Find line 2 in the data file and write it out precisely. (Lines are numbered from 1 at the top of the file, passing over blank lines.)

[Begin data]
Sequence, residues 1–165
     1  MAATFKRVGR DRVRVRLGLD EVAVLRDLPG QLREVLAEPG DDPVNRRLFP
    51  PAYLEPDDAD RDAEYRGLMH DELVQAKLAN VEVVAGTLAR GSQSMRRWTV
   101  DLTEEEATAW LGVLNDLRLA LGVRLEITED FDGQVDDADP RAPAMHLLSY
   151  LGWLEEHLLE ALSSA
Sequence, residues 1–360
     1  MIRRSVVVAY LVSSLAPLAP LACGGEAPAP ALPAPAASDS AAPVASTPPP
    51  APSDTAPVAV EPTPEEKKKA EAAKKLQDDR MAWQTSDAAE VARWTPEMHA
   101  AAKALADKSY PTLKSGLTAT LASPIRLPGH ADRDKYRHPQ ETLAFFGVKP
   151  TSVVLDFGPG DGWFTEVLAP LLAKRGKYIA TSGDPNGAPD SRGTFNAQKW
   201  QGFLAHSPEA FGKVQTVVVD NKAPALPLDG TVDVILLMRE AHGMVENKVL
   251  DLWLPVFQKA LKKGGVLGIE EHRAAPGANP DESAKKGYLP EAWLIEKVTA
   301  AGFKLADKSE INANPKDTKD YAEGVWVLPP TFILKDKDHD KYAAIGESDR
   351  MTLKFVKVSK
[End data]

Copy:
     1  MAATFKRVGR DRVRVRLGLD EVAVLRDLPG QLREVLAEPG DDPVNRRLFP